The Reserve Bank's introduction of limits to low-equity mortgage lending last year had a similar impact on inflation as raising the official cash rate by as much as 50 basis points, governor Graeme Wheeler told a global banking conference in Wellington.
The loan-to-value ratio policy had "a dampening" impact on house price inflation and credit, "and the diminished 'wealth effects' on spending associated with it have reduced consumer price inflation pressures by an amount similar to a 25-50 basis point increase in the OCR," Wheeler told the Bank for International Settlements' BIS Conference on Cross-border Financial Linkages.
"In essence, the reduction in housing pressures allowed us to delay the tightening in interest rates, thereby reducing the incentive for any additional capital inflows into the New Zealand dollar in search of higher yields," Wheeler said, according to speech notes on the Reserve Bank website.
Wheeler began hiking the OCR from a record-low 2.5 percent in March, before pausing at 3.5 percent in July to assess the impact of the tightening round. Economists say he's unlikely to raise rates again until 2015, with expectations growing that any increase may be delayed until mid-year or later. The LVR policy and rate hikes contributed to a slowing of house price inflation to an annual 5 percent currently, from about 10 percent, "despite high levels of net immigration," he said.
The future of the LVR policy will be reviewed in the Financial Stability Report that the central bank is releasing next month. Wheeler said the policy isn't intended to be permanent and will be removed "once housing market pressures have moderated and when we are confident there will not be a resurgence in house price inflation."
Wheeler pointed out to the conference that the New Zealand dollar boxes above its weight in terms of foreign exchange flows, given the relatively small size of the nation's economy and exports.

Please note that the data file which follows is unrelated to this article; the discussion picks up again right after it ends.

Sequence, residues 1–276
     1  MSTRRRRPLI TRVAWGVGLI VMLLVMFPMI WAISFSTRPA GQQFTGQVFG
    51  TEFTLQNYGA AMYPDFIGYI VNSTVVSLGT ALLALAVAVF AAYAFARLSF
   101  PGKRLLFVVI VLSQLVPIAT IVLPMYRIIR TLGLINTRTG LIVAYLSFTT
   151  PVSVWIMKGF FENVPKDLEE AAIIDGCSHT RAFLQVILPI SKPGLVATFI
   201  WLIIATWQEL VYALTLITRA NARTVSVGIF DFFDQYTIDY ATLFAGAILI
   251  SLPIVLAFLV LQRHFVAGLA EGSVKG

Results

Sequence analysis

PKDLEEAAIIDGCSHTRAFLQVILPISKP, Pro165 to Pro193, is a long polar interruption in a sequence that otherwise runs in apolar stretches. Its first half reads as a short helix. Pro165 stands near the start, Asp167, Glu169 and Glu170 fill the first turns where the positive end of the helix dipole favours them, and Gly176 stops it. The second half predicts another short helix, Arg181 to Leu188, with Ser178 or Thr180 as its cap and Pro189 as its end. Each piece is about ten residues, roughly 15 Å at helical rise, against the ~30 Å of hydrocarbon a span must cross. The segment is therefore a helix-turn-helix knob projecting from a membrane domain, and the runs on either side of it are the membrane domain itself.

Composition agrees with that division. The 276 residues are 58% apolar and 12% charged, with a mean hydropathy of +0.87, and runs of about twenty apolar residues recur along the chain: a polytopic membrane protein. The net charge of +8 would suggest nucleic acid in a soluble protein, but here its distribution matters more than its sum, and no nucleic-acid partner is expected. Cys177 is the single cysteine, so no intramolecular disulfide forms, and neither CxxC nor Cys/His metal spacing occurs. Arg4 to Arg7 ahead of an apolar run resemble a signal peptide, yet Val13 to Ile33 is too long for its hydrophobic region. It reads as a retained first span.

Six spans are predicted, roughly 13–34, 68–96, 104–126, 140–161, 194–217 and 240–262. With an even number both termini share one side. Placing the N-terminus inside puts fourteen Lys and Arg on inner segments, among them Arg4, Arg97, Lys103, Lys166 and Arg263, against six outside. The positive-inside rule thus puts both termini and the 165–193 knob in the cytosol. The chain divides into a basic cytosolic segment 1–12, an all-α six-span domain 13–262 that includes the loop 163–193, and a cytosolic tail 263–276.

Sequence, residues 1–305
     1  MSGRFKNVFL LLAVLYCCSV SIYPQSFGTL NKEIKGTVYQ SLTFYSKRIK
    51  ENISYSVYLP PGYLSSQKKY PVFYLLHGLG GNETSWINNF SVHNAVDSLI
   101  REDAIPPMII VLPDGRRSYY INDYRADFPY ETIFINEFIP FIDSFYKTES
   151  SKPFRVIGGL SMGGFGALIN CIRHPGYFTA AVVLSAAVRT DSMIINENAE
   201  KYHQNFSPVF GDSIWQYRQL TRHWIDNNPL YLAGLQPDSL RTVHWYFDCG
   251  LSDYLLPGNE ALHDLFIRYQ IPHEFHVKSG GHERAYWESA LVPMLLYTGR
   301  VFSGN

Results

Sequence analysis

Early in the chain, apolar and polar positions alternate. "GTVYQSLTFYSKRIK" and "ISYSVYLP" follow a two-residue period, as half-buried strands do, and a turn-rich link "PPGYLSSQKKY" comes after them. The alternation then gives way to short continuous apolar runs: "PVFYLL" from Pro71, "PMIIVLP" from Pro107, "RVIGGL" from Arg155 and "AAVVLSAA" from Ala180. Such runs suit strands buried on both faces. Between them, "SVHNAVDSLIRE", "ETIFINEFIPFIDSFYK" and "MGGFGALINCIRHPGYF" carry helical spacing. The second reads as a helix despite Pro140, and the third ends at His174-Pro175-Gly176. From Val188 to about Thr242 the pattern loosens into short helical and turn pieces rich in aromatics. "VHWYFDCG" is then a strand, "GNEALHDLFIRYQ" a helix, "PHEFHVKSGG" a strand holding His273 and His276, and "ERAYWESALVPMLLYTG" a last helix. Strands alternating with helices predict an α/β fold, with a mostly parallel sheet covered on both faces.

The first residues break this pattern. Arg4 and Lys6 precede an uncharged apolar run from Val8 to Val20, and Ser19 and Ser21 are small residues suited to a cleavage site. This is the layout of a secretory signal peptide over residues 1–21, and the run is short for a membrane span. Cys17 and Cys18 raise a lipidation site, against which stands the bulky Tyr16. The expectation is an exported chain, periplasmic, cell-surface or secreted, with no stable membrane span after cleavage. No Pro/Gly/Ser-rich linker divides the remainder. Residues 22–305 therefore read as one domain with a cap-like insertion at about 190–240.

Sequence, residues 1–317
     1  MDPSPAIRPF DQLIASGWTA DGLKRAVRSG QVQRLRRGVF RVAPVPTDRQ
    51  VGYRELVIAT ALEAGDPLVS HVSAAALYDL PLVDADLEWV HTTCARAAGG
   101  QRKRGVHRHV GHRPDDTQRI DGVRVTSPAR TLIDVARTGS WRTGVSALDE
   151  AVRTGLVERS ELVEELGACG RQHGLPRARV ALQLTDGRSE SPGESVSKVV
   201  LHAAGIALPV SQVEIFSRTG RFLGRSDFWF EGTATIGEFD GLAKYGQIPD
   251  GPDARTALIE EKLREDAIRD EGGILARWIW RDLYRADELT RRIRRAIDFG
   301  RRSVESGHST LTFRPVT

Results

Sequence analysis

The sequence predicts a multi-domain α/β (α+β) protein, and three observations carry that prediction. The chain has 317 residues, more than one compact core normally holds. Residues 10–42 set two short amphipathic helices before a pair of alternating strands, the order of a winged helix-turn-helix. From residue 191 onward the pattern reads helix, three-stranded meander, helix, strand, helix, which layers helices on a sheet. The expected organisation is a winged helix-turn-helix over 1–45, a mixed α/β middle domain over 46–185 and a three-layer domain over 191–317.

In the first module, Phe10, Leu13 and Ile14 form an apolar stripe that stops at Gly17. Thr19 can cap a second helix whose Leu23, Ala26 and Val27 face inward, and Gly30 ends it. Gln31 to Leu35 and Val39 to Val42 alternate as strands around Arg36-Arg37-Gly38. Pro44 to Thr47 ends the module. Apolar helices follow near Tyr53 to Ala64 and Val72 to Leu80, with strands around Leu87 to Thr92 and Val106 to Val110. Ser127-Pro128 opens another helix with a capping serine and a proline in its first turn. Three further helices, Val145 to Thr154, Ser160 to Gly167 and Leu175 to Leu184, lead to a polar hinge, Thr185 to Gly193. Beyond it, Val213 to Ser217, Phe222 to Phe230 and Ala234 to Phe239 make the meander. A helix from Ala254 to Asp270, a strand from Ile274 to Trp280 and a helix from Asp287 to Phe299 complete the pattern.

Citing the BIS triennial foreign exchange survey, Wheeler said the kiwi is the world's tenth most traded currency, with daily turnover of about US$105 billion - "250 times our daily external trade flows." The New Zealand dollar was part of an Asia-Pacific region whose currencies have grown to account for 40 percent of global trades, up from 30 percent in 2007, he said.
Wheeler said while there is much known in theory about what drives exchange rates, such as their link to interest rates, "empirically, the connection is weak."
"Internationally, we see markets adopting risk-on and risk-off strategies that are often linked to expectations of the timing of monetary policy decisions by the Federal Reserve," he said. "And sometimes capital flows seem to matter. We see flights to quality and to more liquid markets accompanied by large exchange rate movements when risk and uncertainty increase."
In New Zealand's case, factors driving the currency included movements in commodity prices, the direction of interest rates and appetite for New Zealand dollar risk.
"But without a strong empirical understanding of what determines the exchange rate there is considerable uncertainty regarding the efficiency of the exchange rate transmission channel," he said.